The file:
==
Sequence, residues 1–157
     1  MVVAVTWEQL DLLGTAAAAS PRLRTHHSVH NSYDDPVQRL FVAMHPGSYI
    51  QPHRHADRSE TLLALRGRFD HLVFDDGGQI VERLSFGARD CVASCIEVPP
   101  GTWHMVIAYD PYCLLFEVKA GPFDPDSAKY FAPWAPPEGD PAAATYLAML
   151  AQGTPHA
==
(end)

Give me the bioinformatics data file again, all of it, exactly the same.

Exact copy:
Sequence, residues 1–157
     1  MVVAVTWEQL DLLGTAAAAS PRLRTHHSVH NSYDDPVQRL FVAMHPGSYI
    51  QPHRHADRSE TLLALRGRFD HLVFDDGGQI VERLSFGARD CVASCIEVPP
   101  GTWHMVIAYD PYCLLFEVKA GPFDPDSAKY FAPWAPPEGD PAAATYLAML
   151  AQGTPHA